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Looks like you did a great job.

I prefer 2” hitches since they cost about the same and allow heavier duty use. I also prefer 2” balls, but the stinking HF tongue is 1 7/8”. It’s the only thing I have that isn’t 2”.
 

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Discussion Starter #3
I prefer 2” hitches since they cost about the same and allow heavier duty use. I also prefer 2” balls, but the stinking HF tongue is 1 7/8”. It’s the only thing I have that isn’t 2”.
I'm in the opposite situation. I don't own anything else or haul anything else, so this 1-7/8 hitch is all I have. So no big deal. But I can see it being a PITA if you had to swap things around just for it.
 

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Looks great and you got it all done at low cost. Good job! I've also been thinking about that Harbor Freight trailer. I've been hanging on to a small 4x4 pickup for general hauling, but I'd like to get rid of it. Like your van, mine mostly sits on the street. On occasion I do have use for being able to haul 8' lumber, compost, yard trimmings, or other bulky items, but I was thinking that just letting the lumber extend 2 feet forward and 2 feet back off that trailer might work just fine. I'd likely build a small wheeled dolly to allow the trailer to be easily moved in the garage in the upright "stored" position. I already have a class 2 hitch with 1-7/8" ball along with a 4-pin trailer wiring hookup, so I just need to convince myself that I don't need the 4x4 anymore. My class 2 hitch is good for 200 lbs tongue weight and 2000 trailer weight, so no problems there. I wouldn't want to try anything heavier with my Bolt.
 

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Discussion Starter #5
I'd likely build a small wheeled dolly to allow the trailer to be easily moved in the garage in the upright "stored" position.
This trailer is so light and balanced that you don't need anything to move it around and put it on end. You can just wheel it into place and stand it up.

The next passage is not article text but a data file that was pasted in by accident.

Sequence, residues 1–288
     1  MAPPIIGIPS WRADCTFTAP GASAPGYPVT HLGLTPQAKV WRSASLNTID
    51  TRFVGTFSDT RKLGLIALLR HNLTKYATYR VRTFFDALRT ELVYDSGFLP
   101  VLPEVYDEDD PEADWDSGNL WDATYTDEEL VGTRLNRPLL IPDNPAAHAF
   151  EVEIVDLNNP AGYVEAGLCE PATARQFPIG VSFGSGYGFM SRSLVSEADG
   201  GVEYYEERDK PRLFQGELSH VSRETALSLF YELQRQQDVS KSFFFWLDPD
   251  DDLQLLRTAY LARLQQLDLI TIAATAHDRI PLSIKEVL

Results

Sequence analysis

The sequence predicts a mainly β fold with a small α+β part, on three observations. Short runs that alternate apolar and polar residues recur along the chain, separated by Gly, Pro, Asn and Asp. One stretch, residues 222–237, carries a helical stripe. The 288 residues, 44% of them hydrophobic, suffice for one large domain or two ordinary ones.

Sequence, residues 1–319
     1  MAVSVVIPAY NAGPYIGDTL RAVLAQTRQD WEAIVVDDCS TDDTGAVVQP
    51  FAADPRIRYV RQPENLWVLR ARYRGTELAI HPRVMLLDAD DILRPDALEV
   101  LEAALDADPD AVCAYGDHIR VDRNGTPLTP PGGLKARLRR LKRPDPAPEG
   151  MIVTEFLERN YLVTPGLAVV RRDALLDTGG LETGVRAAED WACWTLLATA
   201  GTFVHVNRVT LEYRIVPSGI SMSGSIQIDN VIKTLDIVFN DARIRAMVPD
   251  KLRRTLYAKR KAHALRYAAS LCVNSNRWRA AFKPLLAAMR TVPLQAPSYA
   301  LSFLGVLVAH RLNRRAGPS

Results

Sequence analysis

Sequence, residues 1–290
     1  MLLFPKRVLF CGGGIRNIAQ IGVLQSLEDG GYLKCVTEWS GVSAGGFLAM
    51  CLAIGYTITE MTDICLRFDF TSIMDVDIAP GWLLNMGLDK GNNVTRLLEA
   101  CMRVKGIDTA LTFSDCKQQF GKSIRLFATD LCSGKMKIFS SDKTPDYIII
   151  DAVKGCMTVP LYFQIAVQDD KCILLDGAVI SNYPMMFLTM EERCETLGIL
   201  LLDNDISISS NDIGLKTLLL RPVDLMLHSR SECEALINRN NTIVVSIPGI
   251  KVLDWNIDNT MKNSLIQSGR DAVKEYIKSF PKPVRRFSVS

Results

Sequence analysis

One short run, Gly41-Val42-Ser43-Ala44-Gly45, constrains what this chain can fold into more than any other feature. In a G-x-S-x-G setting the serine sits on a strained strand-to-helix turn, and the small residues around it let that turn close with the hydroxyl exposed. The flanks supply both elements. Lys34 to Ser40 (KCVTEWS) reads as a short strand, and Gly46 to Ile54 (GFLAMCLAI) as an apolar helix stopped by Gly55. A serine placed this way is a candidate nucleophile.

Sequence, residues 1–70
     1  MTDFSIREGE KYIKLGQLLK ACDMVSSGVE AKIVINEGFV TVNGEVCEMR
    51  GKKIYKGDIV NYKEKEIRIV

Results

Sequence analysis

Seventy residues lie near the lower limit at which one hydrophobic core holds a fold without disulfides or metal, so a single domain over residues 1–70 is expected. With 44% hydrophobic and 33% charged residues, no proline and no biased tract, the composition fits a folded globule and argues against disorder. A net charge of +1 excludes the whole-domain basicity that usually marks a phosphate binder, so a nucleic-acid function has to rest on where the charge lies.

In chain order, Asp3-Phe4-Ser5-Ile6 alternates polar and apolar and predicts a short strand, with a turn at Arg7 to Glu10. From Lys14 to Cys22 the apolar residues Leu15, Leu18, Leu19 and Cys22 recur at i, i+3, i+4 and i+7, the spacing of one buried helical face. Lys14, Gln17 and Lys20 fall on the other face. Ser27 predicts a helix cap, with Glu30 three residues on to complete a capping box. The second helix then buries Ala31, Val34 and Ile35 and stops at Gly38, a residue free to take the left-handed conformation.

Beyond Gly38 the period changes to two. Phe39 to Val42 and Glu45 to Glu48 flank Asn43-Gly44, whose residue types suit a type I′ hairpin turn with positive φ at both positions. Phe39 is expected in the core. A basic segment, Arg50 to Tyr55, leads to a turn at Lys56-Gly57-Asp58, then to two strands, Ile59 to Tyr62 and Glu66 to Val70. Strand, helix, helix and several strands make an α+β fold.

One thing I need to add to my original post is if you want to set it on end you have to install the tail light brackets the other way around. If you install them as in the instructions the lights stick out behind the trailer and you can't put it on its end.

Like you, I figure if I need to haul longer stuff I'll just let it overhang a little. But you can fit 8' pieces of lumber in the Bolt if need be.
 

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Redpoint said:

"I prefer 2” hitches since they cost about the same and allow heavier duty use. I also prefer 2” balls, but the stinking HF tongue is 1 7/8”. It’s the only thing I have that isn’t 2”. "

You can get a 2" replacement for the tongue at like Tractor Supply or eTrailer. Fairly cheap, I think - like $25. When I bought my boat used, we tried putting it on the hitch and found that the clamp on the tongue was bent & wouldn't close. So the guy I was buying the boat from drove with me over to Tractor Supply and bought a new tongue thingy for it. We just unbolted the old/bad one and bolted the new one on.

 

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Absolutely awesome. I was literally looking at this exact trailer not 10 minutes ago. I built a little 4-wheeler for my kids and putting it on the rear cargo rack is a little bit crazy...

Good show. I used the tekonsha module for my lights for my boat trailer, it wires up (total pain) in the inside trunk behind the light on the driver's side. I just hang the wire out the lift gate when I tow. But you're already past that point.
 

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Discussion Starter #8
One thing to add, in KS if a trailer + load is less than 2000 lb, you don't need to register and tag it. Since this little guy weighs about 150 lb and the capacity is 1090 lb, I'm well short of having to mess with all that.
 

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The problem is finding a 2" coupler for HB trailers that will fit the holes...
 

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Discussion Starter #10
Did a test today, it worked great. The game is nice and secure and doesn't move at all on the trailer. I only took it down the street so no highway speeds, but it seemed to be well balanced and rode fine. It was easy to load/unload and strap down. Backing up is going to take some practice, but I did manage to back it into the driveway twice. I'm not fast though, I have to think about it, it isn't second nature yet.